Instant replay: How the brain works backwards to remember important routes

Johns Hopkins neuroscientists study rats to see how rewards influence memories

You're shipwrecked on a desert island. You wander from your base camp in desperation, searching for water. You find a stream with fresh, clear water, the best you've ever tasted. But one problem: There's no trace of how you got there, and you're not sure you can find it again next time.

Johns Hopkins neuroscientists believe they have figured out how the brains of some mammals—in this case, rats—solve such navigational problems. If there's a "reward" at the end of the trip, like the chocolatey drink used in their study, the brain will "replay" the route taken to get it, but backward. And the greater the reward, the more the rats' brains replay it.

Specifically at work here are specialized neurons in the hippocampus, the area of the brain associated with memory, emotion, and motivation. According to researchers, the findings suggest that both the presence and amount of a reward influence how well the hippocampus forms memories.

A summary of the new research is published online in the journal Neuron.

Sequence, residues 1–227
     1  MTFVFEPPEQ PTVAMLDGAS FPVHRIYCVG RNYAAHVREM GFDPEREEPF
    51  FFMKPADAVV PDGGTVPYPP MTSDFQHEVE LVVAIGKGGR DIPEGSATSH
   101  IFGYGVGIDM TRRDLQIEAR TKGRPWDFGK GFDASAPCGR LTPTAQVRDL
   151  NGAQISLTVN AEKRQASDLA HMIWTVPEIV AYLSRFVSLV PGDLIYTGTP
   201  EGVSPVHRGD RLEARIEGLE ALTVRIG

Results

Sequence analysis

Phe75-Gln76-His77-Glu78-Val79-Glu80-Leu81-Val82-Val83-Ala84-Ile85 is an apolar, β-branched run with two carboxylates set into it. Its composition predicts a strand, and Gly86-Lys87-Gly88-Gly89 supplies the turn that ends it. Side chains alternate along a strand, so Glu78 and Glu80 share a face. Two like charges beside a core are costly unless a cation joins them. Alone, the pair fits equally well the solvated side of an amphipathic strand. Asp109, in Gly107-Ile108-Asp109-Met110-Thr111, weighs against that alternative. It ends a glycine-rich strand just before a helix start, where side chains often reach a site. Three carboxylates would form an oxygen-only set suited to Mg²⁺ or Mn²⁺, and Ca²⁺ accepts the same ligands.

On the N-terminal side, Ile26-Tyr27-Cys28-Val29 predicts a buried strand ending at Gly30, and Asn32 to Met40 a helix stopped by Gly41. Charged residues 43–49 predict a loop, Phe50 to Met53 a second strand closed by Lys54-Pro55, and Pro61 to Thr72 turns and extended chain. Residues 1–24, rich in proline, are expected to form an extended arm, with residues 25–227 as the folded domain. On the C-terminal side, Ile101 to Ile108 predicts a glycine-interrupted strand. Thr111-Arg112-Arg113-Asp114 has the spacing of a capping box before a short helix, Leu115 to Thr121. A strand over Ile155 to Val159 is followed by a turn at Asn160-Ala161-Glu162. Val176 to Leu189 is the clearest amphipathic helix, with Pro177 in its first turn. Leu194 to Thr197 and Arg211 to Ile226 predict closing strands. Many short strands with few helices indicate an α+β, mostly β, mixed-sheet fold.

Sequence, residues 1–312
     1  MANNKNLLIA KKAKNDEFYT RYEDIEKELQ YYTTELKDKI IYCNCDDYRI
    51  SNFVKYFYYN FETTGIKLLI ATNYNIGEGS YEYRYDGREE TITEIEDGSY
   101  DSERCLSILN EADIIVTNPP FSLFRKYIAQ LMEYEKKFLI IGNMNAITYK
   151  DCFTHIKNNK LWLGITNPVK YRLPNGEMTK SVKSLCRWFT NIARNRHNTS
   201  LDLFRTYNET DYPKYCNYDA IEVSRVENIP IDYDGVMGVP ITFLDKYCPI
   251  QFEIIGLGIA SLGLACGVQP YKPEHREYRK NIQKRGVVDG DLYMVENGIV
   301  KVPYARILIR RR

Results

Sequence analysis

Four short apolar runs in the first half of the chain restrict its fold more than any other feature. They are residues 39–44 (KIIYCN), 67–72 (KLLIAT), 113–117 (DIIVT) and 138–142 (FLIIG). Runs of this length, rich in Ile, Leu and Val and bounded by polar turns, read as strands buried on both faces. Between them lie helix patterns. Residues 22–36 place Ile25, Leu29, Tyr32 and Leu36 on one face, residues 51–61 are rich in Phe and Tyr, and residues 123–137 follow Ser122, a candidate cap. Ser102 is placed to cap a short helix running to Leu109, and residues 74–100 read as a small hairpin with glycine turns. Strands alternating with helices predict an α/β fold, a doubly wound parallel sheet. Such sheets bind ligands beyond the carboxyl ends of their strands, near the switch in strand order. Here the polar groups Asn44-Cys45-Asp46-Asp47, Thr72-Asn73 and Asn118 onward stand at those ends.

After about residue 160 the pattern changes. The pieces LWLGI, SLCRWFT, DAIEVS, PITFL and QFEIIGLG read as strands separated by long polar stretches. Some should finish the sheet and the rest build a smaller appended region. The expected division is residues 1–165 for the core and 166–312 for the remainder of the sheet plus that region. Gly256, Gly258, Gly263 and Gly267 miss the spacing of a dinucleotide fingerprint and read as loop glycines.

"We've long known that the brains of awake animals have these replay events when they pause in their travels," says David Foster, a professor of neuroscience at the Johns Hopkins University School of Medicine. "Now we know that the information in those replays is influenced by reward, probably to help solidify those memories."

As animals—including humans—travel through an environment, their brain waves oscillate, Foster notes. When they pause, and when they are in slow-wave sleep, the brain waves calm down, oscillating more gently, except for one or two deep waves per second. It's in those brief moments when the "replays" occur in specialized hippocampal neurons, he explains.

Previous research in Foster's lab revealed that rats actually "envision" their routes in advance through sequential firing of hippocampal neurons. And the researchers knew that sometimes, during pauses, rats replayed those sequences in reverse—but no one knew why.

In the new study, the rats ran back and forth on a linear track between points A and F. And when researchers altered the amount of the liquid chocolate reward at point F, they discovered an effect on the hippocamal neurons. The number of "reverse replay" sequences in the rats' brains would increase or decrease in unison with the change in the reward.

"We think this is the brain's way of linking a reward with the path taken to reach that reward," Foster says.

Back on the desert island, if the same mechanism occurs in humans, Foster says, the process could help an individual recall how to get back to the stream by adding significance to previously unimportant details of one's surroundings.

Foster says more studies are needed to see if the findings do indeed apply to humans. But, he adds, he believes the research already suggests the importance of giving the brain frequent pauses, since the replay sequences only occurred when rats took their chocolate break.

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